The stories of spies are often unbelievable tales. What are they actually capable of? How do they manage to infiltrate enemy ranks? How are they so good at concealing their nature while surrounded by enemies? How do they grapple with the reality of being a lone ranger, one who will most probably not receive any help if they ever land in a bad situation? In movies and TV shows, we root for our heroes, and to our great relief, they are often saved, either by a deux ex machina-ish behaviour of their handler or by their own ingenious planning.
Secret agents like James Bond and Ethan Hunt always manage to stay alive by the time the mission ends. In real life, however, espionage is not such a forgiving profession. What our onscreen heroes do in a matter of months, sometimes even days, takes years of meticulous planning and careful manipulation in real life. There is no surety of success, there is no guarantee of coming out alive. And yet, they do it. Why? An unshakable love for patriotism, among other factors. Eli Cohen was one such person.
Is The Spy Based on a True Story?
Yes, The Spy is based on a true story. Born in Alexandria in 1924, Eli Cohen always wanted to do something great with his life. He was dedicated and passionate, and above all, he had great instincts that worked in his favour a number of times. While in Egypt, he had applied for a job in the government but was rejected due to “loyalty issues.” Perhaps, they had anticipated his love for Israel. In retrospect, it was a very intelligent decision on their part to not hire him. Syria, on the other hand, wasn’t so lucky!
Before he became an international figure with the whole Syrian affair, Cohen had already proved to be of great service to Israel. While in Egypt, he joined the Zionist movement and helped Israeli forces on a number of occasions. He was actively involved in smuggling Jews out of Egypt. His family left the country in 1949, but he stayed back to help. In 1956, he found himself under the radar of the Egyptian government after Israel’s Lavon Affair.
What happened there was a scheme by Israel to shake the foundations of Egyptian administration. They hired Egyptian-born Jews, like Cohen, to plant bombs in places like restaurants, cafeterias, museums, etc. that were owned by Western establishments. The bombs weren’t supposed to hurt anyone. In fact, they were blown after the work hours, so there were no casualties. The blame was to be placed on Islamic terrorist organizations. However, it backfired on Israel when arrests were made. Cohen had been under scrutiny but was let go due to insufficient evidence against him.
Sometime after this, Cohen was brought back to Israel when the Egyptian government became more hostile towards its Jewish population. He found a job with the Israeli Defence Forces and worked as a counterintelligence analyst. For a while. He soon got bored out of his wits, and believing that he had already proved his worth in Egypt, wanted to become a part of something bigger. The obvious answer was Mossad, but they didn’t find him a suitable fit because he seemed overenthusiastic. People too eager to prove themselves already have a blind spot, which can become their undoing in the field. He applied again and was rejected for the second time, which is when he took it to heart. He decided that if he wasn’t to work for the Mossad, then he wasn’t to work in any other department either. He resigned from his post and settled for the job of a filing clerk. His life took a very mundane turn after that. He got married to Nadia in 1959 and had almost settled for the normal routine when the Mossad came knocking on his door.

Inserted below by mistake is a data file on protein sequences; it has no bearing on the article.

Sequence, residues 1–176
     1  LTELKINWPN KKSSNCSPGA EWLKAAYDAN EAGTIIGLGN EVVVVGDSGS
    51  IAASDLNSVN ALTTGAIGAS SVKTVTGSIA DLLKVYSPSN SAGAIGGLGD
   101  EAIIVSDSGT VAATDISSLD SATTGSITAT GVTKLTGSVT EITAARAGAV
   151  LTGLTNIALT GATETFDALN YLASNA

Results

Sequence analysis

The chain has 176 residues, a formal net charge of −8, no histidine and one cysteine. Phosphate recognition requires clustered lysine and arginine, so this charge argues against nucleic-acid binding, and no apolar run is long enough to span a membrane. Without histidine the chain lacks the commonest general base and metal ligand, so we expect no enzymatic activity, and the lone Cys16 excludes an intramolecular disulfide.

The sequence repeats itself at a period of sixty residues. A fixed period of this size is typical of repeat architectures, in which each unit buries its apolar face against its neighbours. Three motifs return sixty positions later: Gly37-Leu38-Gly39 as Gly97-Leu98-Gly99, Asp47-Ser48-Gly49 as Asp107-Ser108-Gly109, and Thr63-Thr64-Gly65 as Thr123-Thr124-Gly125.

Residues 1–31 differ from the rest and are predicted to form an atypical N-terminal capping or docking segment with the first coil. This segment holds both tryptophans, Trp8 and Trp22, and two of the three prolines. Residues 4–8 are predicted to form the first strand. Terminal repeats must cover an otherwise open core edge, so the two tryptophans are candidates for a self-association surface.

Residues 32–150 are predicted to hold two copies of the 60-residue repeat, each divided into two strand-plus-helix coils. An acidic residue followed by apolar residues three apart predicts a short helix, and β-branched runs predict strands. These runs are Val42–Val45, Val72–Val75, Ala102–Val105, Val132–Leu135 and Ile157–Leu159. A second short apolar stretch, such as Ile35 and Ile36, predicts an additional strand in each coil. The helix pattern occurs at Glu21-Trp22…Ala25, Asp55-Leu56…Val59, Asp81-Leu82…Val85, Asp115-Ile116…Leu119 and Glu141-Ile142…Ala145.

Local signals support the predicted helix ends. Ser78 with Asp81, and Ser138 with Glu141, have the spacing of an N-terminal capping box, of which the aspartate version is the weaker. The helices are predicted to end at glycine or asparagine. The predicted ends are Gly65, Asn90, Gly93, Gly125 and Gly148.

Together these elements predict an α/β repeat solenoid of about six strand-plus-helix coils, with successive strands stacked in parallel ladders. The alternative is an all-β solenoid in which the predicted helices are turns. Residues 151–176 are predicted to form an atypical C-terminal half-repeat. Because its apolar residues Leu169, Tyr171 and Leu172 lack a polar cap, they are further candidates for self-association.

Having been completely blind in Syria and worried that the neighbours were planning something big, Mossad wanted to place a mole on the other side. They needed a fresh face, which led them back to the rejected applications. Cohen turned out to be an obvious choice, and he was put under surveillance. After they found him eligible for the job, he went through intense six-month training. The cover of a Syria-born Argentinian businessman was given to him, for which he moved to Argentina in 1961. There, he found a footing in the Arab community and soon made influential friends. His contacts ran deep and he put his wily charms to use. This is also where he first met Amin al-Hafiz, the future President of Syria and a military attaché for the time being. After securing the trust of the military leaders and politicians of Syria, he moved to Damascus in 1962.
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